This methodology section of the research report describes how the study will be conducted and the methods used to collect and analyse the data. The overall aim of this methodology section is to provide an overview on the methods employed so that a judgment can be made as to how appropriate they are and how valid the data that has been generated is. Throughout the methodology process, it is imperative to remember the question this research is aiming to answer for:
Has the Recession been a significant factor in bringing about change in the recruitment process within the public sector?
The recession has affected many HR Processes and new strategies must be developed in order to adapt to the new situation and ready for the new reality (CIPD 2007). It is therefore unsurprising that there are questions and opinions as to what new strategies have been developed and how they have impacted certain HR processes. According to (Murray and Hughes 2008) there are many different fields of study covered by the term social research, and each of these can require a different technique or method of approach. However, there is agreement on the core fundamentals of research. For example, in order for research to be valid, it needs to be systematic, sceptical and ethical (Denscombe, 2002).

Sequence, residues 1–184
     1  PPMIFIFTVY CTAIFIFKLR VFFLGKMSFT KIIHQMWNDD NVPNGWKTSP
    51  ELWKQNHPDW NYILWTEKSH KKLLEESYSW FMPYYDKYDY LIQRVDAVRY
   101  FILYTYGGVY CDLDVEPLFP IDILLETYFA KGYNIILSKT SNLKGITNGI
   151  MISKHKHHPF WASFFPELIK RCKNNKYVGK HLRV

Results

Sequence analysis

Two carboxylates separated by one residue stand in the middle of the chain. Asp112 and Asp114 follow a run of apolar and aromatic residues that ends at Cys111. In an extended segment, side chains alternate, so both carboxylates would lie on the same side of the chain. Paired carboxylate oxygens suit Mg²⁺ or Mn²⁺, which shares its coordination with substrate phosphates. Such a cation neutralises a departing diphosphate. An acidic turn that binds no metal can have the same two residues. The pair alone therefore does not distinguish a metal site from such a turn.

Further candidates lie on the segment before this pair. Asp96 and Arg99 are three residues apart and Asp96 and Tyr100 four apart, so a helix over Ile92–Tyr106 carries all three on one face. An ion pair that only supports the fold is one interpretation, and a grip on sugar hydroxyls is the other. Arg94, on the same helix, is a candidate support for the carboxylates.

The purpose of methodology is to compose an underlying paradigm justifying the research methods undertaken (Blaxter et al 2001). The research methods apply to the specific techniques of data collection (Cryer 2000). The strategy of designing research should follow a logical path from methodological choices through to appropriate techniques for data collection (Creswell 2002). Creswell (2002) ensures that if this guideline is followed and the research is conducted in a thorough manner, then it is more likely the research will lead to a successful outcome.
1.2 Research Philosophy
The philosophy of research methods for social sciences is based
References: Denscombe, M. (2002). Ground Rules for Good Research’. Maidenhead: Open University Press. Blaxter, L Cryer, P. (2000). The research student’s guide to success (2nd ed.). Buckingham, UK: Open University Press. Creswell, J. W. (2002). Educational research: Planning, conducting, and evaluating quantitative and qualitative research. Upper Saddle Creek, NJ: Pearson Education. Berg, B. L. (2009). Qualitative research methods for social sciences 7th edition. New York: Pearson. Cooper, D.R, Schindler, P.S. (2003) Business Research Methods. 8th Edition, Boston: McGraw-Hill Irwin. Clough, P. and NUTBROWN, C. (2007) A Students´ Guide to Methodology: Justifying Enquiry [2nd edition] London: Sage. T. R. Gruber. A translation approach to portable ontologies. Knowledge Acquisition, 5(2):199-220, 1993. Schutt, R. (2003) Investigating the Social World: The Process and Practice of Research. Pine Forge Press: Thousand Oaks, CA. Bryman, A. (2004) ‘Qualitative research on leadership: a critical but appreciative review’,The Leadership Quarterly, vol. 15, no. 6, pp.729-69. Gratton, C., Jones, I. (2004) Research Methods for Sport Studies. Routledge: London.